Title: The History of Bees
Author: Maja Lunde, Diane Oatley (translator)
Publisher: Simon & Schuster
Release Date: August 22, 2017
In the spirit of Station Eleven and Never Let Me Go, this dazzling and ambitious literary debut follows three generations of beekeepers from the past, present, and future, weaving a spellbinding story of their relationship to the bees and to their children and one another against the backdrop of an urgent, global crisis.
England, 1852. William is a biologist and seed merchant, who sets out to build a new type of beehive one that will give both him and his children honor and fame.
United States, 2007. George is a beekeeper fighting an uphill battle against modern farming, but hopes that his son can be their salvation.
China, 2098. Tao hand paints pollen onto the fruit trees now that the bees have long since disappeared. When Tao s young son is taken away by the authorities after a tragic accident, she sets out on a grueling journey to find out what happened to him.
Haunting, illuminating, and deftly written, The History of Bees joins these three very different narratives into one gripping and thought-provoking story that is just as much about the powerful bond between children and parents as it is about our very relationship to nature and humanity.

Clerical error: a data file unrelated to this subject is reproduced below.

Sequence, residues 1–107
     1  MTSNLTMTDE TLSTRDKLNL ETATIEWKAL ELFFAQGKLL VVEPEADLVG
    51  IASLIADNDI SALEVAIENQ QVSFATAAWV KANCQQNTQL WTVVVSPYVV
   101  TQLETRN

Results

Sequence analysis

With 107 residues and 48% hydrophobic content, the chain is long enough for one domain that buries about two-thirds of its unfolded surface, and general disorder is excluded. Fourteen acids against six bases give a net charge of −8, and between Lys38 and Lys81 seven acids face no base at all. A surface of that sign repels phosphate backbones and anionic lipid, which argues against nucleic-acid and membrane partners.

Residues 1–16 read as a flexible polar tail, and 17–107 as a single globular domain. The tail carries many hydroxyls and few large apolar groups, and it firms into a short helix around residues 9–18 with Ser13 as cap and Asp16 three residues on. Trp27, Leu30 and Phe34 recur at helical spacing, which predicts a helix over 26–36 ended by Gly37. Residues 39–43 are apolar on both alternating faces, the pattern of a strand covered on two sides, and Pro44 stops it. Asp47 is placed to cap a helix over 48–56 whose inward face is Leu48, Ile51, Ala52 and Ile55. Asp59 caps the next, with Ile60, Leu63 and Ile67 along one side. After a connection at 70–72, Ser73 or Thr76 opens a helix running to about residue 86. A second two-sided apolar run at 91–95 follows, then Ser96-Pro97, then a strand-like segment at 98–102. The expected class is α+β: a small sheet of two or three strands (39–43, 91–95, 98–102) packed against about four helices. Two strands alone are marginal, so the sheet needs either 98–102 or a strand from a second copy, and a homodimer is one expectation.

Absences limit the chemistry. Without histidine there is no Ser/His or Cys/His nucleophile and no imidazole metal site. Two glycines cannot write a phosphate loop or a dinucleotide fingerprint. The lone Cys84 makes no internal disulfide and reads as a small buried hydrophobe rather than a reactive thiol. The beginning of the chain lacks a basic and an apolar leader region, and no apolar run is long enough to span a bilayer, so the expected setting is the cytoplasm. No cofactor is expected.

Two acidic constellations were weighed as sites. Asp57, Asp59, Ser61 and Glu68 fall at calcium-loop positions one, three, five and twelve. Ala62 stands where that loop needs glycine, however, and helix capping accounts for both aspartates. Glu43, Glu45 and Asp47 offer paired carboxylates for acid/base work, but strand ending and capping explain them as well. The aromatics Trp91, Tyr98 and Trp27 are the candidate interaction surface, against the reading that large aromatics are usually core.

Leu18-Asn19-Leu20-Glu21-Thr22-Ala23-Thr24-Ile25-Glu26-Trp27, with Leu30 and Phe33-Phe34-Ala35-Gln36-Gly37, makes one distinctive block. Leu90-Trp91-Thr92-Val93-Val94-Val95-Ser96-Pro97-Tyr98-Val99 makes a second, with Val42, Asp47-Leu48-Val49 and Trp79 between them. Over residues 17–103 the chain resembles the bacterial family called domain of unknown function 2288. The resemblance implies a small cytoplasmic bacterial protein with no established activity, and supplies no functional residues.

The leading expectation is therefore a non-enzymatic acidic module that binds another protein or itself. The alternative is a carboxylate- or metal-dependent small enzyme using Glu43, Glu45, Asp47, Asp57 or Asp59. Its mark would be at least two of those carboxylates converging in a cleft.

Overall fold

Wow! I loved this book! It’s an amazing story that crosses three centuries.
On the surface, Tao, William, and George don’t seem to have much in common. They are all involved with bees. William studies bees, George breeds bees, and Tao does the pollinating work of bees. But there are many similarities between them.
They each have trouble with their sons. Without giving too much away, each of them tries to get their son involved with their work, but the boys are not interested. Tao, George and William each deal with failure at some point. They are also woven together by the story of the bees.
Each of the narratives were distinct. I think they could have been separated in to their own stories and been complete. They didn’t rely too much on each other, which makes the connections between them that much more enjoyable.
This is a beautiful and fascinating story. I highly recommend it!